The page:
I'll admit I was part of the chorus of skeptics, if not outright haters, when I gave the Bills a C-minus for drafting Allen. Though I also strove for a little bit of balance.
"Allen has the tools to improve if he spends a year getting some top-notch quarterback coaching, like Patrick Mahomes did," I wrote in my Bleacher Report draft grades. "And maybe he becomes a Donovan McNabb type who completes enough 60-yard bombs to make you forget that he misses five-yard passes by 10 yards. But it takes a ton of effort to explain away all of the bad throws on Allen's tape and stat sheet. Tools should yield results, especially at the mid-major level."
Allen's tools didn't yield many results last season. He was comically bad by even rookie standards in his early appearances (two touchdowns, five interceptions and 21 sacks in his first six games) and slightly better after returning from a midseason elbow injury (eight touchdowns and seven interceptions in his final six starts, but with an abysmal 51.9% completion rate).
But we also discovered he possessed a tool no one really knew about. Allen rushed for 631 yards and eight touchdowns in 2018. His NFL.com predraft scouting report had listed 20 "positive" bullet points, and "mobility" is only briefly mentioned in the 15th one. Scrambling and option running weren't supposed to be part of his portfolio.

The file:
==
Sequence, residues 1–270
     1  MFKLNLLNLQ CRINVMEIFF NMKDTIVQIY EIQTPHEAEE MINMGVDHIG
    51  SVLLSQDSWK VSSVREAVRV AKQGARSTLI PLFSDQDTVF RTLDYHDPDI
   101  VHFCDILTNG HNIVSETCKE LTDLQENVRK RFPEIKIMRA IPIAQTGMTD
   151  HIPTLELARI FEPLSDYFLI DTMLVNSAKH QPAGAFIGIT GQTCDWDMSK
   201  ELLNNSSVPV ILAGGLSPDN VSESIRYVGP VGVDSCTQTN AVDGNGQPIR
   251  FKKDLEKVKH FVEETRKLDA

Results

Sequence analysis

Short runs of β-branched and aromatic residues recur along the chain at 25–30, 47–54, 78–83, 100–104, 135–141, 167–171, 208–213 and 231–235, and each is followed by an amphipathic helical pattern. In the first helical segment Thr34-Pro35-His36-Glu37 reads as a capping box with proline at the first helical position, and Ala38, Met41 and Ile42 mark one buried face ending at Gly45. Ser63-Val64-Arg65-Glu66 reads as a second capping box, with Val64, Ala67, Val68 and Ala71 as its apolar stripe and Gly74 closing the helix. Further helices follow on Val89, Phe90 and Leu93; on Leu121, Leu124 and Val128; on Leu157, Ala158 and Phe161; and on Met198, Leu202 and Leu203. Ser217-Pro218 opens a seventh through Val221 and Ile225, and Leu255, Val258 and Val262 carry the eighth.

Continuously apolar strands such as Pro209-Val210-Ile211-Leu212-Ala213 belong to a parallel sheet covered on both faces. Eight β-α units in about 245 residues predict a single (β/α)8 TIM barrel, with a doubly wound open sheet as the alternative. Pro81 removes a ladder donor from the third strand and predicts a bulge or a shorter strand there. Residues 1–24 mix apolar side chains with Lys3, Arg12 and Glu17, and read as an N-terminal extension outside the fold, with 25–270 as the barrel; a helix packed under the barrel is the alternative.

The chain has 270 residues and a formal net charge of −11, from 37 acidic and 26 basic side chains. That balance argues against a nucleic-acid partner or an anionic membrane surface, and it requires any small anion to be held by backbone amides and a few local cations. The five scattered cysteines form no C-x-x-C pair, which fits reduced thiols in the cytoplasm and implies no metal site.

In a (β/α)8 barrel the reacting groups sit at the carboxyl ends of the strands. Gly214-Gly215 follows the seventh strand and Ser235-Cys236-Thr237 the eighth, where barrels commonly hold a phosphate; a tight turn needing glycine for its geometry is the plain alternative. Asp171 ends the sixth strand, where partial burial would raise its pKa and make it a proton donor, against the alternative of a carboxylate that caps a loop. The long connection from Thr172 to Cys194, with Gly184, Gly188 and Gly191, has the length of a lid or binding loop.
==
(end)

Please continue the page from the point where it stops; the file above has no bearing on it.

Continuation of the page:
There's a huge difference between a tall rookie with a cannon and a tall, fast rookie with a cannon. Allen may have looked like a clueless rookie running for his life last year, but that's a step up from a clueless sitting duck.
More importantly, if a skill as important as Allen's mobility was largely overlooked by so many draft analysts on a prospect as scrutinized and criticized as he was, what else may we have missed? Perhaps the capacity to improve?
A note about Allen's arm: Mike Mayock, notorious connoisseur of arms (especially when attached to tall dudes), called it "the biggest arm in the universe" during the 2018 combine. That may be a slight exaggeration, but after watching the same Senior Bowl practices and combine drills live, I felt almost the same way. There's a flick-and-whoosh I never saw while watching Carson Wentz, Eli Manning, Joe Flacco or even Ben Roethlisberger up close. Patrick Mahomes? If the standards are distance and the radar gun, then maybe.